Mondaq may alter or amend these Terms by amending them on the Website. By continuing to Use the Services and/or the Website after such amendment, you will be deemed to have accepted any amendment to these Terms.

These Terms shall be governed by and construed in accordance with the laws of England and Wales and you irrevocably submit to the exclusive jurisdiction of the courts of England and Wales to settle any dispute which may arise out of or in connection with these Terms. If you live outside the United Kingdom, English law shall apply only to the extent that English law shall not deprive you of any legal protection accorded in accordance with the law of the place where you are habitually resident ("Local Law"). In the event English law deprives you of any legal protection which is accorded to you under Local Law, then these terms shall be governed by Local Law and any dispute or claim arising out of or in connection with these Terms shall be subject to the non-exclusive jurisdiction of the courts where you are habitually resident.

You may print and keep a copy of these Terms, which form the entire agreement between you and Mondaq and supersede any other communications or advertising in respect of the Service and/or the Website.

No delay in exercising or non-exercise by you and/or Mondaq of any of its rights under or in connection with these Terms shall operate as a waiver or release of each of your or Mondaq’s right. Rather, any such waiver or release must be specifically granted in writing signed by the party granting it.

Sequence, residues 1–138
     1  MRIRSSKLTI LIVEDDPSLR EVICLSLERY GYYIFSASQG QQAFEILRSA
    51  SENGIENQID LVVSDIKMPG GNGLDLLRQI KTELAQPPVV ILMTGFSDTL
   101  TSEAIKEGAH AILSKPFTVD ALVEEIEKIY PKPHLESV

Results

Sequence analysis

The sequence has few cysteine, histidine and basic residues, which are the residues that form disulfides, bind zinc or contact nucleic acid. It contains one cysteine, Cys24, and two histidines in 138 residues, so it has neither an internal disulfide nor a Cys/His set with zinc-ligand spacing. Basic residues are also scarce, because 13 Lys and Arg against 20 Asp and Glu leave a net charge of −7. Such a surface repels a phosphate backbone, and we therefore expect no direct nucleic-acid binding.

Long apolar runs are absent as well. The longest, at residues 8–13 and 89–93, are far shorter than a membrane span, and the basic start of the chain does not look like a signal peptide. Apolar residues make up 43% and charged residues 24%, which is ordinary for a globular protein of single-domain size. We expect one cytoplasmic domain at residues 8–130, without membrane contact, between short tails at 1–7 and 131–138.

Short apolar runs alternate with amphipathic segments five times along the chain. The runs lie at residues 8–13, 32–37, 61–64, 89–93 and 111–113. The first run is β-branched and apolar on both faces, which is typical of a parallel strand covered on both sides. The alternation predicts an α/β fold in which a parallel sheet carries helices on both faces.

If any part of these Terms is held unenforceable, that part shall be enforced to the maximum extent permissible so as to give effect to the intent of the parties, and the Terms shall continue in full force and effect.

Mondaq shall not incur any liability to you on account of any loss or damage resulting from any delay or failure to perform all or any part of these Terms if such delay or failure is caused, in whole or in part, by events, occurrences, or causes beyond the control of Mondaq. Such events, occurrences or causes will include, without limitation, acts of God, strikes, lockouts, server and network failure, riots, acts of war, earthquakes, fire and explosions.

By clicking Register you state you have read and agree to our Terms and Conditions